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What’s Your Why?


Jim West

I’ve always been active and athletic as I grew up. The running wave started in the early seventies, just as I got out of college. It was a primary part of my fitness. As I reached my late forties though, I began to get less consistent on my nutrition, exercise and stress management. Started to see some weight gain, energy loss, and feelings of aging.

Late in 2002, my father was diagnosed with esophageal cancer. His doctors were able to get him approved for a surgery to remove it. A couple weeks after the surgery, I went to visit him, and was stunned, coming to the conclusion that he had minimal chance to recover from the surgery. He seemed to have no reserves to mount a recovery. Within two months he passed away at the age of 73. I of course grieved for my father’s loss and as I came up on my 50th birthday, I decided it was time for me to recommit to my health. I joined Northwest Personal Training in May of 2004.

I had never done much with weights, or regular targeted workouts. I found the exercise sessions produced results on several levels, I got stronger, I could see the definition of my muscles changing. I experienced increased physical and mental energy as I immersed myself again in healthy habits, which included renewed regular running , and bicycling. Eventually leading to a series of Triathlons, and an IronMan 70.3 in the Fall of 2007. There were many other triathlons, half marathons, 5k’s and other events to follow.

I was active as volunteer for the Girl Friends Half, the Girl Friends triathlon, and helped found the Pink Brigade. I remained a client of NW Personal training through Summer of 2016. They were vital in getting me prepared for a month long hike with Eddi Allen on the Washington section of the Pacific Crest Trail in Summer of 2016.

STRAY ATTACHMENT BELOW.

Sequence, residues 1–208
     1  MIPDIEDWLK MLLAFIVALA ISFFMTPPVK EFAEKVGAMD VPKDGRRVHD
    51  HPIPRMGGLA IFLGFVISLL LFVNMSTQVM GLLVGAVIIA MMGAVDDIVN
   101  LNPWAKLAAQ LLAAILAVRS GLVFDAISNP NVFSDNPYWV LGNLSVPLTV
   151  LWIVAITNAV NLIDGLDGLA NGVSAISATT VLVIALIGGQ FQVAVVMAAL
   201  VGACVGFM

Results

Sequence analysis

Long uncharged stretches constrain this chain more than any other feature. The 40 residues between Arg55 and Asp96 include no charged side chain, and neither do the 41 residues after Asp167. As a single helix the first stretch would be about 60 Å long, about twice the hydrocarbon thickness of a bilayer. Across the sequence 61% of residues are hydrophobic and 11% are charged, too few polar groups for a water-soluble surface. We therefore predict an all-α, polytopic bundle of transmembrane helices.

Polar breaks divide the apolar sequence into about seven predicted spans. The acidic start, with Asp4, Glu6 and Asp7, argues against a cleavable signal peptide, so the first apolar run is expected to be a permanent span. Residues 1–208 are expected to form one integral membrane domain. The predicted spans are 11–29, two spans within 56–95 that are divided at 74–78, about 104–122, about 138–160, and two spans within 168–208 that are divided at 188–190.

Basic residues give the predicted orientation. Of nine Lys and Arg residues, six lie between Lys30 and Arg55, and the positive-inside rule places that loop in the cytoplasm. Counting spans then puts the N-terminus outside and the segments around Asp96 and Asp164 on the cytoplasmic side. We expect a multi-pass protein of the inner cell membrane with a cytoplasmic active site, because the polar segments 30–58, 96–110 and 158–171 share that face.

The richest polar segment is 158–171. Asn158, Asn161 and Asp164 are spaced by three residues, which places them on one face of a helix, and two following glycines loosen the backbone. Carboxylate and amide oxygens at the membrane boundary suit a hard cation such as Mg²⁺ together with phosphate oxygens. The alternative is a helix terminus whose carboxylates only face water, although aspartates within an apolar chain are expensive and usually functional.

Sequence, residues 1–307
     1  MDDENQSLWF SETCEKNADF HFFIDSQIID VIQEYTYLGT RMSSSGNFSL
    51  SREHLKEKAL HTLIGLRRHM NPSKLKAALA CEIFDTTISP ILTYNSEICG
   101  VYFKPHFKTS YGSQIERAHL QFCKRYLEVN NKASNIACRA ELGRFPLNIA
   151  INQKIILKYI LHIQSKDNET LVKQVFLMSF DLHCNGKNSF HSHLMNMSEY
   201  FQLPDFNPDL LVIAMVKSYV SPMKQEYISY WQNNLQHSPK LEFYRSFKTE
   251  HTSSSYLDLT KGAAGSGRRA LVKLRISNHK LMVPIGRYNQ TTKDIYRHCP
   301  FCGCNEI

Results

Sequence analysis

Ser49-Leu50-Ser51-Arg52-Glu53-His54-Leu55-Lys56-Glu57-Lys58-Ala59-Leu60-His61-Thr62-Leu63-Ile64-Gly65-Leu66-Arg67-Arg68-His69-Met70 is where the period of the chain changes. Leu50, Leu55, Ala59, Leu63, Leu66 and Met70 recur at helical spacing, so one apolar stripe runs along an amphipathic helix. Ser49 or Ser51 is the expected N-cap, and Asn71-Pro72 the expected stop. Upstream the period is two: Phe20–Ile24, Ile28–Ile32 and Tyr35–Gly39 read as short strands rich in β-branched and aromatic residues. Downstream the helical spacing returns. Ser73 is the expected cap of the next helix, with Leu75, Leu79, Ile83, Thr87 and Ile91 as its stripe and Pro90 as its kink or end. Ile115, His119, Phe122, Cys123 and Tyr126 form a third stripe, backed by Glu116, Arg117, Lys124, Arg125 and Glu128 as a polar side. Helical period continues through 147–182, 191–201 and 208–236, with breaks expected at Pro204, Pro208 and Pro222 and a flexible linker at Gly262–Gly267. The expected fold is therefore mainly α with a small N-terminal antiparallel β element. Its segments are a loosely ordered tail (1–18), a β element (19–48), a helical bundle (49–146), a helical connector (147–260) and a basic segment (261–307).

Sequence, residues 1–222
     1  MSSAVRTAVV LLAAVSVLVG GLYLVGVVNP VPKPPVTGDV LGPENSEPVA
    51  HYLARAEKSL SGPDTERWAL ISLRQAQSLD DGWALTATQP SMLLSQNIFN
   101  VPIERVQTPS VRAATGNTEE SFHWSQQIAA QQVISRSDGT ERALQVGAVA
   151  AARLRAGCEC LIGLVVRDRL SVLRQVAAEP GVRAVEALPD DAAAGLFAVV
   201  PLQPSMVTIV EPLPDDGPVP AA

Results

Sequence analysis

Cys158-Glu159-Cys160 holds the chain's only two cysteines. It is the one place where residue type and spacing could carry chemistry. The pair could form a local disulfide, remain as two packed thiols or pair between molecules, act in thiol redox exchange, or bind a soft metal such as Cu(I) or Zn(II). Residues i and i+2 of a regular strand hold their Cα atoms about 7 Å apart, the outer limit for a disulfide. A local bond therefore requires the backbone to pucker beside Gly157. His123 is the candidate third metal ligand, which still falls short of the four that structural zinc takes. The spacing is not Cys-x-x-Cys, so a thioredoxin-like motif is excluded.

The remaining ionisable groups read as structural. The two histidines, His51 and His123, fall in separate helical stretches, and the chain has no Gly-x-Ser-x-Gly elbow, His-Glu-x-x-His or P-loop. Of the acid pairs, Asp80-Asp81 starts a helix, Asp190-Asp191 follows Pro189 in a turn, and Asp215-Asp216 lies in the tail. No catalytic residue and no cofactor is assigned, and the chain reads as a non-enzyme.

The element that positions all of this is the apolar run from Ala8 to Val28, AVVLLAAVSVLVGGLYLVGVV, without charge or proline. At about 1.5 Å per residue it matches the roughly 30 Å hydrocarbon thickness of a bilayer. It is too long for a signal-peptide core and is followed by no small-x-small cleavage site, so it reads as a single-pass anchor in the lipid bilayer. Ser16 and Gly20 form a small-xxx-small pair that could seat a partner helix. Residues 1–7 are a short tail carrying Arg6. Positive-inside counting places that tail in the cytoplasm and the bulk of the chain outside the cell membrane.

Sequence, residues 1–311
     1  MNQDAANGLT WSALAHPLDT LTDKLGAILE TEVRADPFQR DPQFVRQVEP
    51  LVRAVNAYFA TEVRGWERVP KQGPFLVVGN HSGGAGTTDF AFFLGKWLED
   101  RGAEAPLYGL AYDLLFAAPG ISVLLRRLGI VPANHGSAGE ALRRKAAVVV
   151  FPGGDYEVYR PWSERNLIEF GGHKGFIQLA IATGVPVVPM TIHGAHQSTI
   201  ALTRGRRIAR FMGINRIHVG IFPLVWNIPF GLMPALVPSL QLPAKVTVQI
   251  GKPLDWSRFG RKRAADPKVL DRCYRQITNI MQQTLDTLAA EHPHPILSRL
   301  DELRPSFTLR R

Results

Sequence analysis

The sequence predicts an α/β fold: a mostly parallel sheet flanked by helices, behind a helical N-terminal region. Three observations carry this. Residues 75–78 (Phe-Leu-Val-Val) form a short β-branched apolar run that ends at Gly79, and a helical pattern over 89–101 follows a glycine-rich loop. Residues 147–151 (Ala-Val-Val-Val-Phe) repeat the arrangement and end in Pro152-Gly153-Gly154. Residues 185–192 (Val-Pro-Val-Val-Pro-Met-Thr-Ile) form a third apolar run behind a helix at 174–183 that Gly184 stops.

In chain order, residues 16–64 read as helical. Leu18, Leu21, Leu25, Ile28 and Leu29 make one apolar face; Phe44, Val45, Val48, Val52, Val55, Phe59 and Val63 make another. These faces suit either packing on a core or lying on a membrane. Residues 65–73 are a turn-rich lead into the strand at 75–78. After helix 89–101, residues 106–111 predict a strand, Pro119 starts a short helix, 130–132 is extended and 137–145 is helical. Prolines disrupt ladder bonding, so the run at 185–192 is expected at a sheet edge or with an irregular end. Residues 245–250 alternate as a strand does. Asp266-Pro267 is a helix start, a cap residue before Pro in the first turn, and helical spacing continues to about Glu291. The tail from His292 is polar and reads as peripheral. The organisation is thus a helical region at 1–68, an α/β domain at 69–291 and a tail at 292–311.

I’d attained levels of fitness, and endurance beyond what I’d ever visualized. I now realize part of the drive was fueled by a decision to make myself so strong that if any kind of a health disaster struck, I’d know I had a physical and metal reserve to be able to fight for recovery.

Little did I know on a beautiful spring afternoon in May of 2018, I would suffer a stroke as I drove home from work. The stroke was a fluke, what they call a Vertebral Arterial Dissection (VAD). A small slit inside the endothelial lining of the blood vessel, that allows blood to pool between the lining and the artery wall, eventually creating a clot. Less than 1% of all strokes occur from this condition. It isn’t health related, and they aren’t able to determine a cause. My clot was at the base of my brainstem. I have no recollection of the stroke. I opened my eyes about 48 hours later in the ICU at Peace Health, with my wife Betsy standing by my side.

The Hospital staff, and volunteers told me my nickname in the Hospital was the Miracle Man because the stroke should have been fatal. From my count there were at least 4 miracles that allowed me to survive.

As Betsy shared the story with me, the first images in my mind were of wheelchairs, care centers, and never being capable of having the same active life, and included a bolt of hot fear through my gut. With the passage of a few weeks of time it became clear to me that while there was pretty significant damage, it became my belief, that I possessed both the physical, and mental reserves to be capable of sustaining a strong recovery. I didn’t know what that meant in terms of time or what it would look like but I didn’t let that deter me from providing the effort.

So through that summer of 2018 I spent hours working on formal rehab with Peace Health, and evolved a personal rehab program, that included hundreds more to keep moving forward after Health Insurance decided, they were done supporting.

Two Why events I put on my calendar, the Sunset 5k, and the inaugural Apple Tree 5k. Both were measuring sticks to see if I rebuilt the stamina to “run“ for a full three miles.

In 2019 I did four Why Running 5k’s. Couve Clover, Reflection, Apple Tree, Run for the Cure.

Three of the events I ran with my son Ray, and the Race for the Cure I walked with my daughter Laura and granddaughter Zoe who is 6, and I thought should get a good start on fitness.

My Why has evolved! I now run events just for the SHEER JOY OF BEING ABLE TO RUN! A lesson I’ve learned is don’t take your physical capacities for granted. Being able to enjoy the beautiful Northwest outdoors, and be part of our community is a gift we should all treasure and provides huge health benefits just by participating. Maybe I’ll shoot for a Tri in 2020?